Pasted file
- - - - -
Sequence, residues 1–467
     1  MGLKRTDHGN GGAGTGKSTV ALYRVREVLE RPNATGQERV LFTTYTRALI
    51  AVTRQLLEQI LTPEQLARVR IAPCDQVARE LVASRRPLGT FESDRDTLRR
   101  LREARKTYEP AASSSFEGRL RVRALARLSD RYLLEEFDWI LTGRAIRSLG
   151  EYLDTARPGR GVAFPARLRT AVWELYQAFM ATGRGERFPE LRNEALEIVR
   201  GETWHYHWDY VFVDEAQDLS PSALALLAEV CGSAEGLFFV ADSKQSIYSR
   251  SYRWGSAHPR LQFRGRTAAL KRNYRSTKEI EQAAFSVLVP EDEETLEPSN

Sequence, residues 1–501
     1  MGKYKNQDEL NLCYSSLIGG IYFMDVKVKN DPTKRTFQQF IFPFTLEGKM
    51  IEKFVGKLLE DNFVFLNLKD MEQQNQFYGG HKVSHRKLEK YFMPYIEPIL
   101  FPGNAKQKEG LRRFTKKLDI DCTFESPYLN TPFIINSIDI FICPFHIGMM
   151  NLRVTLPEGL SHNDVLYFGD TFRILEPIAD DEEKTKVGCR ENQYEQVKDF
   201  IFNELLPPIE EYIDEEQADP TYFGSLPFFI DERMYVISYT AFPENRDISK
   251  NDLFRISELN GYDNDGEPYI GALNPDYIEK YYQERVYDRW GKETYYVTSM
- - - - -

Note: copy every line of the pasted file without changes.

Sequence, residues 1–467
     1  MGLKRTDHGN GGAGTGKSTV ALYRVREVLE RPNATGQERV LFTTYTRALI
    51  AVTRQLLEQI LTPEQLARVR IAPCDQVARE LVASRRPLGT FESDRDTLRR
   101  LREARKTYEP AASSSFEGRL RVRALARLSD RYLLEEFDWI LTGRAIRSLG
   151  EYLDTARPGR GVAFPARLRT AVWELYQAFM ATGRGERFPE LRNEALEIVR
   201  GETWHYHWDY VFVDEAQDLS PSALALLAEV CGSAEGLFFV ADSKQSIYSR
   251  SYRWGSAHPR LQFRGRTAAL KRNYRSTKEI EQAAFSVLVP EDEETLEPSN

Sequence, residues 1–501
     1  MGKYKNQDEL NLCYSSLIGG IYFMDVKVKN DPTKRTFQQF IFPFTLEGKM
    51  IEKFVGKLLE DNFVFLNLKD MEQQNQFYGG HKVSHRKLEK YFMPYIEPIL
   101  FPGNAKQKEG LRRFTKKLDI DCTFESPYLN TPFIINSIDI FICPFHIGMM
   151  NLRVTLPEGL SHNDVLYFGD TFRILEPIAD DEEKTKVGCR ENQYEQVKDF
   201  IFNELLPPIE EYIDEEQADP TYFGSLPFFI DERMYVISYT AFPENRDISK
   251  NDLFRISELN GYDNDGEPYI GALNPDYIEK YYQERVYDRW GKETYYVTSM